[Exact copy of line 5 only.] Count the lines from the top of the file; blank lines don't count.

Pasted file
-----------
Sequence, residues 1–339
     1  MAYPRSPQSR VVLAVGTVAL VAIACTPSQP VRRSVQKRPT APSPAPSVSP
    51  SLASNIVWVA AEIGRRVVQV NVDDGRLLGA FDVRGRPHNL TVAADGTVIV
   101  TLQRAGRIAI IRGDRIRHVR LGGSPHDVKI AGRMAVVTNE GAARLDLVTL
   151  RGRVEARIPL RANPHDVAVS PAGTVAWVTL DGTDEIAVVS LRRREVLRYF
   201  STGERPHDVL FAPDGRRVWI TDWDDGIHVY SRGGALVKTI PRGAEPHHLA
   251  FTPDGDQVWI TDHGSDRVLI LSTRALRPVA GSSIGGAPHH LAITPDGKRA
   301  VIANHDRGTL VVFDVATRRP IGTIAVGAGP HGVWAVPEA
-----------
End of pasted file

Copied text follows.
   151  RGRVEARIPL RANPHDVAVS PAGTVAWVTL DGTDEIAVVS LRRREVLRYF